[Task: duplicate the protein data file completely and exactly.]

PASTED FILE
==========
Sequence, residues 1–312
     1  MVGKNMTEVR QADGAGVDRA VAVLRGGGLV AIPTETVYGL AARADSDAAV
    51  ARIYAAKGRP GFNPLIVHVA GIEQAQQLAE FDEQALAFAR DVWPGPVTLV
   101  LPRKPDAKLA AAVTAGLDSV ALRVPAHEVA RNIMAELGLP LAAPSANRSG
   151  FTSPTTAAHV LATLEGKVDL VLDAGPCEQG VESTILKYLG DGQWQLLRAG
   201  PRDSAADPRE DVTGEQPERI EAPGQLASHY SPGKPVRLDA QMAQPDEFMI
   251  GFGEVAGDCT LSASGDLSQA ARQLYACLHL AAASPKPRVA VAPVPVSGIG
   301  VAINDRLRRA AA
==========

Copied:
Sequence, residues 1–312
     1  MVGKNMTEVR QADGAGVDRA VAVLRGGGLV AIPTETVYGL AARADSDAAV
    51  ARIYAAKGRP GFNPLIVHVA GIEQAQQLAE FDEQALAFAR DVWPGPVTLV
   101  LPRKPDAKLA AAVTAGLDSV ALRVPAHEVA RNIMAELGLP LAAPSANRSG
   151  FTSPTTAAHV LATLEGKVDL VLDAGPCEQG VESTILKYLG DGQWQLLRAG
   201  PRDSAADPRE DVTGEQPERI EAPGQLASHY SPGKPVRLDA QMAQPDEFMI
   251  GFGEVAGDCT LSASGDLSQA ARQLYACLHL AAASPKPRVA VAPVPVSGIG
   301  VAINDRLRRA AA